The basic way to charge the capacitor is to switch an inductor. But watch out, there are lots of ways to blow things up!
Here is a basic schematic:
The input voltage is something like 12V. The transistors start with being off, so the input capacitor, C_IN, is also at 12V. You have to balance the selection of C_IN to reduce the ripple at the input, but it can't be too big, or else your 12V supply will be unstable.
Next, you *need* to protect your switching node, SW. If you aren't careful, this node will go extremely negative. This can happen if the inductor has current flowing through it, and you shut off the transistors. The body diode in the lower FET will turn on and the drop will pull SW negative. Some purpose-built ICs are allergic to this and will break. You can protect with a low drop Schottky, but watch out if you are trying to push a lot of current through the inductor.
You also have to be careful of having both transistors on at the same time. This causes crazy shorts. This can happen when you are programming the controller using the ISP (since this toggles most of the pins on the ATtiny13A - so you have to isolate the ATtiny13A during programming).
Also, note that C_BIG, is well, a pretty big capacitor. If you turn on the lower transistor T_low, and you don't have current flowing in to the capacitor, then current will definitely flow out of the capacitor back through the inductor, through T_low, to ground. The capacitor is not shy about dumping 287 amps through your circuit.
So, what is the big-picture idea for charging a supercapacitor? Here are the steps as I understand them. First, have the input capacitor charged up. Next, turn on T_high so that current starts to flow in the inductor to the supercapacitor. Next, turn off T_high, and then quickly (but not too quickly) turn on T_low so that the current can continue to flow through the inductor. Once the inductor current has decreased a bit, you turn off T_low, and then turn T_high back on so that the inductor current increases to make up for the decrease you just had. Then, you repeat, adjusting the on-time of the transistors to keep the current steady-ish.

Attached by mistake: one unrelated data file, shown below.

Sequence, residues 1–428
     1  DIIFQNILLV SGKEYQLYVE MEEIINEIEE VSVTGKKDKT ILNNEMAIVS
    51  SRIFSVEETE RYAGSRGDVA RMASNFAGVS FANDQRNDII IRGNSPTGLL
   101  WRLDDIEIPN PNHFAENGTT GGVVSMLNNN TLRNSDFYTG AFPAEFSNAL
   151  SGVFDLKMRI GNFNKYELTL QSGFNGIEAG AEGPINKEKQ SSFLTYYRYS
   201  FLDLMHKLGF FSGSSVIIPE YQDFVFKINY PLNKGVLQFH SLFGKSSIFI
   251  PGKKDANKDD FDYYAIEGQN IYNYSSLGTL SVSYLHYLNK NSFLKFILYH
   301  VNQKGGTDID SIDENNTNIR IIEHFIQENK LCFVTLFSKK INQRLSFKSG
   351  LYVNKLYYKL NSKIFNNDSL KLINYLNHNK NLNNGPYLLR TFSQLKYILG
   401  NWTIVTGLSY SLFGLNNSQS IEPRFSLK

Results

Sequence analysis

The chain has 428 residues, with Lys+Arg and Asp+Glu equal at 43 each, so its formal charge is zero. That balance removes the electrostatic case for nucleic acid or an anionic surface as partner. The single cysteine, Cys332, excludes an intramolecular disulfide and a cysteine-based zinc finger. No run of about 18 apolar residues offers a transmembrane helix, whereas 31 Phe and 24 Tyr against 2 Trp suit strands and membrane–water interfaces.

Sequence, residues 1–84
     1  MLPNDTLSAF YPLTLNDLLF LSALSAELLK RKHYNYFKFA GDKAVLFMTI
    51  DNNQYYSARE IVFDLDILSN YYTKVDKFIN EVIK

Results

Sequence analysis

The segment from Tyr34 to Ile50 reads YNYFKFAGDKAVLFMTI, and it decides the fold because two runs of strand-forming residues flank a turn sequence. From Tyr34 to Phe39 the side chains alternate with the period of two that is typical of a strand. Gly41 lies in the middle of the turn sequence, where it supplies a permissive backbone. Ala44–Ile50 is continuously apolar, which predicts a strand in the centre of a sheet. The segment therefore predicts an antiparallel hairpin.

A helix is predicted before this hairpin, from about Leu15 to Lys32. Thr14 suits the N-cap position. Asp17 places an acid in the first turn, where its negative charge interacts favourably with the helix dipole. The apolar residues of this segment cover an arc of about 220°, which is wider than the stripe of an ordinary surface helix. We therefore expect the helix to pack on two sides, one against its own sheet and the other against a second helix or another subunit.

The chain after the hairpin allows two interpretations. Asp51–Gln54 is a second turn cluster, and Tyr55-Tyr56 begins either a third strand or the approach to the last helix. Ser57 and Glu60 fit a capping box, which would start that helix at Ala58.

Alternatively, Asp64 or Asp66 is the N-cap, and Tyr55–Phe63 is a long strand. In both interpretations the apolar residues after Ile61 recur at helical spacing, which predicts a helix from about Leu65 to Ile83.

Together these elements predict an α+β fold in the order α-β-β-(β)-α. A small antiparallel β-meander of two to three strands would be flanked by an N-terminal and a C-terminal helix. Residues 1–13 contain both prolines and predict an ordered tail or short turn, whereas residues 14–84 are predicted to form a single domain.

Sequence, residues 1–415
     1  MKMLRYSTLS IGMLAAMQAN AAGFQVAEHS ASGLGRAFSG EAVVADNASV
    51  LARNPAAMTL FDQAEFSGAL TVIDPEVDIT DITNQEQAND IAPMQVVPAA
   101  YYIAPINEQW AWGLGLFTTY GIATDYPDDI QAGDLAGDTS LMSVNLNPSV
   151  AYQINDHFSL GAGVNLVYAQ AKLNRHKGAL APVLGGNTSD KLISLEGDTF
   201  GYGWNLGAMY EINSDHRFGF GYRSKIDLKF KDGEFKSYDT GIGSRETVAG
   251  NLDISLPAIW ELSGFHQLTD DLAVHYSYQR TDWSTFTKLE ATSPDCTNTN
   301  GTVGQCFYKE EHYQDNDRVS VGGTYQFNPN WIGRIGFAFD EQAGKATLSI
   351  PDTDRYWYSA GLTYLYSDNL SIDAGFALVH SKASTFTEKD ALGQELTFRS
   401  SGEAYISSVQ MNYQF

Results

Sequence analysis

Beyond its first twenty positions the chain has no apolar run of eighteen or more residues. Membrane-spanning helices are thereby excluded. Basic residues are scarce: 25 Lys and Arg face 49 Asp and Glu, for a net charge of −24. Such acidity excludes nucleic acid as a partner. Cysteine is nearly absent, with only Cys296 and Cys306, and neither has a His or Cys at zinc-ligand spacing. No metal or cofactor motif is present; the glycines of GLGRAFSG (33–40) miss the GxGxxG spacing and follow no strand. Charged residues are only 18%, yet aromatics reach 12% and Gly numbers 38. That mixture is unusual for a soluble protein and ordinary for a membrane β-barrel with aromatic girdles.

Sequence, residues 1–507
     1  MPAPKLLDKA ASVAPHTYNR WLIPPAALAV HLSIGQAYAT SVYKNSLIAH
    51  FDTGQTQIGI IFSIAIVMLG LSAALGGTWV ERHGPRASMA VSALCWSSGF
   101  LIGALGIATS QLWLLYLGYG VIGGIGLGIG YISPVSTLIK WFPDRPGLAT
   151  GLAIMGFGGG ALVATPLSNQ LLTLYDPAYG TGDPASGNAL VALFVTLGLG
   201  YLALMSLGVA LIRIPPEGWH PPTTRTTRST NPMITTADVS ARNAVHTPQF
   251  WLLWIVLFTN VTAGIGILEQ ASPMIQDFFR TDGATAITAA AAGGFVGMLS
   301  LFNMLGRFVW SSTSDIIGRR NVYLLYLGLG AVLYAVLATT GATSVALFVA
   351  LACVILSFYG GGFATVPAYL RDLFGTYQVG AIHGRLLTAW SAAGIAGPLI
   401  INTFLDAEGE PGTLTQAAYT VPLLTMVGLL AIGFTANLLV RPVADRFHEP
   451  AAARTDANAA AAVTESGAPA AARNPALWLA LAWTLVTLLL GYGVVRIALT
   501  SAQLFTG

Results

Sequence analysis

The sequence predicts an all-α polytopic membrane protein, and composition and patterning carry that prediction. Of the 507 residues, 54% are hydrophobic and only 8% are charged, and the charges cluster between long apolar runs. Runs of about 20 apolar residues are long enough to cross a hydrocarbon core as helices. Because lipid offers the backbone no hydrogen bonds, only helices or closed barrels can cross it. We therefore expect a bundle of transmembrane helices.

Here is what happens when you first turn T_high, and just leave it on for a long time (5 us).
The input voltage local to the input capacitor starts to drop as the current builds in the inductor. Now, what I think is cool is that for a relatively small drop in the input voltage, you can get ~50A flowing in the inductor. In reality, you only want the transistor on for a bit so that each pass you slowly increase the inductor current to the set point.
Now, for the next step, and this is wacky. Let us say the supercapacitor has 0V (i.e., brand new, out of the bag, shipped with terminals shorted). If you turn on T_low, and just leave it on, this is what will happen:
The inductor current just decreases nice and gently over ~200 us, slowly charging up the supercapacitor to ~1 uV. Now, contrast this with when the supercapacitor is already nearly charged (say at ~3V).
If you leave T_low on for longer than ~2us, then the supercapacitor will start to discharge (i.e., the current flow through the inductor becomes negative). I designed my controller to dither the on-time of the low transistor, so the controller has to be able to adapt to these two different time scales.